One of the most influential sequences in the whole of science fiction is Isaac Asimov's Robot sequence, with the famous Three Laws of Robotics being among the Holy Writ of the genre. When Asimov was approached with the notion of setting up a series of novels under the overall title of Robot City, his reluctance was quickly overcome when he was persuaded that the writers using Asimovian robots and ideas would be among the most imaginative and daring in the genre.
His brief was to serve as consultant, making sure the robots stay Asimovian, answer questions, make suggestions, veto infelicities and provide the basic premise for the series as well as challenges for the authors.
Quite often, riffs on the ideas of classic SF writers by other hands notoriously lack the spark of the originals. But Michael P Kube-McDowell and Michael McQuay's Isaac Asimov's Robot City shows that genuinely inventive writers can not only spin fascinating filigrees on existing concepts, but sometimes come up with inspirations that hadn't occurred to the original creator.
The two complete novels contained herein are both full of galvanic and inspiring ideas, with Kube-McDowell's Odyssey arguably being the more inspired.
A man without memory finds himself in a city as big as a planet, populated by robots running wild. His mysterious female companion claims to know his identity, but will not reveal it to him. The man calls himself Derec, the woman is known as Katherine, and they begin a fascinating odyssey through this fantastic society. And when a murder occurs, they soon find themselves wondering whether the most famous of the Three Laws of Robotics, "A robot may not injure a human being" has been contravened. But this is only one of the mysteries they are obliged to solve on the mean streets of Robot City.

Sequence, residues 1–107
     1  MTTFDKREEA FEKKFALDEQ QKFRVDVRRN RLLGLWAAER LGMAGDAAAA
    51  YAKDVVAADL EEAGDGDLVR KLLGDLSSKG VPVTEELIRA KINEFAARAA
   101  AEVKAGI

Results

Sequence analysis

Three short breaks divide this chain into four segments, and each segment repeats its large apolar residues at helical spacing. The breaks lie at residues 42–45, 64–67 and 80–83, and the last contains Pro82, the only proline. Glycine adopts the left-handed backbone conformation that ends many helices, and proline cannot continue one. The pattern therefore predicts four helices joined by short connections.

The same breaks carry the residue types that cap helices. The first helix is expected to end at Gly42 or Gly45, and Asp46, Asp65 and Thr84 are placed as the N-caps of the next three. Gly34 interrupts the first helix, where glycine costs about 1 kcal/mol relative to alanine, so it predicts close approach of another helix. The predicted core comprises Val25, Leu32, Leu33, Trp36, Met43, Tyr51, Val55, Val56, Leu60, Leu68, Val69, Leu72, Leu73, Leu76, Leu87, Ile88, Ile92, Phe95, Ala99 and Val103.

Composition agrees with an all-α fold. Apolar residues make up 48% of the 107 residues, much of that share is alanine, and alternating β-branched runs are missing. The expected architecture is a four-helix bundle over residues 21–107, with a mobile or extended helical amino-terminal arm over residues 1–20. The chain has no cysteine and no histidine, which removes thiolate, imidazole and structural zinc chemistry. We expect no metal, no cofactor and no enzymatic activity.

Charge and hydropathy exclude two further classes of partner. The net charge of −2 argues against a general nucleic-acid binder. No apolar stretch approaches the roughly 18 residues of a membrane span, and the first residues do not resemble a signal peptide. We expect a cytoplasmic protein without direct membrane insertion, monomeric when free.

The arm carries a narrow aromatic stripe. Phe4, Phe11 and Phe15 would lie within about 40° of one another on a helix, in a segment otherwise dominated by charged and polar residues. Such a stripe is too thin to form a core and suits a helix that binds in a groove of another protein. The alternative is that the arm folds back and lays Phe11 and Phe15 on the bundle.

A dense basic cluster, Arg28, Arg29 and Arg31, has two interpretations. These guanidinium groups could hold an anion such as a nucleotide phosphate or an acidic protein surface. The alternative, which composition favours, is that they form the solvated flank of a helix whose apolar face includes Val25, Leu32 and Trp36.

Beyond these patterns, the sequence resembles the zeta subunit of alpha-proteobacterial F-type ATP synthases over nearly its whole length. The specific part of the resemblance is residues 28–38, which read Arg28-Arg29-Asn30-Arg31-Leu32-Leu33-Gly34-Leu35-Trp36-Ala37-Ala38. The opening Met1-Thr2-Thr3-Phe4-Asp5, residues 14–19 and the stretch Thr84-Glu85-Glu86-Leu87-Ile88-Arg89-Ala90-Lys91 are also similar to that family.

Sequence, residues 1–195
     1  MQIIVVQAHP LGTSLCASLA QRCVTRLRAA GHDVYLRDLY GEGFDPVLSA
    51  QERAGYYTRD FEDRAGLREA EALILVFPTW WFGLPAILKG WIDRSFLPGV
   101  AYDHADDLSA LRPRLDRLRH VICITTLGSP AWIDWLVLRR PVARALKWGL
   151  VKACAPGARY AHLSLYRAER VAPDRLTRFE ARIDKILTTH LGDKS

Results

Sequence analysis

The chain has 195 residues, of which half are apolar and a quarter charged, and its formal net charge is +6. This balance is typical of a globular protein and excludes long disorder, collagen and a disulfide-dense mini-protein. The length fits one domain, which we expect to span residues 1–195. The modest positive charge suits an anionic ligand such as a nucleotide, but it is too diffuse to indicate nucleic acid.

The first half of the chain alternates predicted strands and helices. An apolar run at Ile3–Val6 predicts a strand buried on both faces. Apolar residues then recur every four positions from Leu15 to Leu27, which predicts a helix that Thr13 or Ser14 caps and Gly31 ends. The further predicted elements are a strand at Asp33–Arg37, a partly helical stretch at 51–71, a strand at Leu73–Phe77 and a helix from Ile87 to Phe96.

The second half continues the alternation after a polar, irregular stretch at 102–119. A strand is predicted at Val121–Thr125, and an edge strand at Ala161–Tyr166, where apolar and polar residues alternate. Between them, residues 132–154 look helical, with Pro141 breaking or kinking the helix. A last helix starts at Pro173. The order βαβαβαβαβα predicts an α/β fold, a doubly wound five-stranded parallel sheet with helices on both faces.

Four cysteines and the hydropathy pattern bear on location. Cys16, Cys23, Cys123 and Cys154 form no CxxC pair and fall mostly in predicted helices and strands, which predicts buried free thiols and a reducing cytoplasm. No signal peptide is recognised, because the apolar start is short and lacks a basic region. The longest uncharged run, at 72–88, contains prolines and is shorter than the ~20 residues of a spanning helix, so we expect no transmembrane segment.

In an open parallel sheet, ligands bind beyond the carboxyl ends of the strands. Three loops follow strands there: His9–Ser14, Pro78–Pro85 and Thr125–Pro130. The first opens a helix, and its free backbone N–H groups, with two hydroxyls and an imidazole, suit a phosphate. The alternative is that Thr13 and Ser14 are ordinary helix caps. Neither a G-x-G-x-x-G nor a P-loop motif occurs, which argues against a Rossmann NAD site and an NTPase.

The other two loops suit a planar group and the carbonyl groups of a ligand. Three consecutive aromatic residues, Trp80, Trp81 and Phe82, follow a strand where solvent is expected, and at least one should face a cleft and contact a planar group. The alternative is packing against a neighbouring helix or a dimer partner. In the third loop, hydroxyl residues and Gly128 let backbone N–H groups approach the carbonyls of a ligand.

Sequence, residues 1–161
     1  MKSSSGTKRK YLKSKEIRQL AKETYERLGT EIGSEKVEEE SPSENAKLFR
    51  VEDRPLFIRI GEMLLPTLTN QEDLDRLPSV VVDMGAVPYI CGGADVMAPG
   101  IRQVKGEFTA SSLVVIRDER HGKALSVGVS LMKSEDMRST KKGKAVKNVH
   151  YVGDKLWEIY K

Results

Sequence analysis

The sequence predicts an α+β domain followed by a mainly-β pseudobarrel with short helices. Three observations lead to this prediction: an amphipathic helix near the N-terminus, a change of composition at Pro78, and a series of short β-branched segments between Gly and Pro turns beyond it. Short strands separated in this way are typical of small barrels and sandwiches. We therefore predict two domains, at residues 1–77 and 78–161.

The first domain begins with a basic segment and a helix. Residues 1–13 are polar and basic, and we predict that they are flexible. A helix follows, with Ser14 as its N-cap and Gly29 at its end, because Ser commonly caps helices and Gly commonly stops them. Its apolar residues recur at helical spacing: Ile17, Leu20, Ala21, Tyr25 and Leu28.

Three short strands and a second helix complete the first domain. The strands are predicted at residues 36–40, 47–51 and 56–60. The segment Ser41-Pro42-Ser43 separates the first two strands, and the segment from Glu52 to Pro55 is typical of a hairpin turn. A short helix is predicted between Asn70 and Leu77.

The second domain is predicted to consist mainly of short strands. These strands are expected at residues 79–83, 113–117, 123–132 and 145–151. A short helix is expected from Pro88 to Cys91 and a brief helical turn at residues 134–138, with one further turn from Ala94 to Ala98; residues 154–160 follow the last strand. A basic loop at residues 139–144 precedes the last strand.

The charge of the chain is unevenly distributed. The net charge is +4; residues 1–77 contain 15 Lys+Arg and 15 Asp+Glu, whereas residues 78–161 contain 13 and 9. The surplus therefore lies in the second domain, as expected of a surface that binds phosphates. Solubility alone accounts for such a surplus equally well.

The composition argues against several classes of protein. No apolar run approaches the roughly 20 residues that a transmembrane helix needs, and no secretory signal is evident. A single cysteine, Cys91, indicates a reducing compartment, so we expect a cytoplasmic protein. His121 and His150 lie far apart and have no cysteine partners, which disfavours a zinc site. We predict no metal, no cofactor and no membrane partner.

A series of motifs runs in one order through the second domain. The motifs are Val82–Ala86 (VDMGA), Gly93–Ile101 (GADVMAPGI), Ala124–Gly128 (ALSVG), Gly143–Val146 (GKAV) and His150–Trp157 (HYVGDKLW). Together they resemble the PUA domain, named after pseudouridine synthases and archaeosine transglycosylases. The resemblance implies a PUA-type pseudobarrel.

Both Kube-McDowell and McQuay (the latter in Suspicion) pull off the difficult trick of creating a facsimile of Asimov's cool, gleaming style (not to mention the persuasive science of his robot society with all its attendant complexities) but they are also capable of passages that have a wholly individual sense of wonder owing little to the originator.
Take Kube-McDowell's description of the mechanical wonders of the planet:
The gateway itself was an enormous box-like machine which filled the tunnel flush to the walls and ceiling. As Derec drew closer, he saw that the gateway was actually crawling slowly forward. Like some mechanical larva, the gateway was burrowing through the asteroidal mass and leaving a finished tunnel in its wake. Everything--the raw material of the walls, the covering of reinforcing synthe-mesh, even the overhead lamps--was being handled in one continuous operation. --Barry Forshaw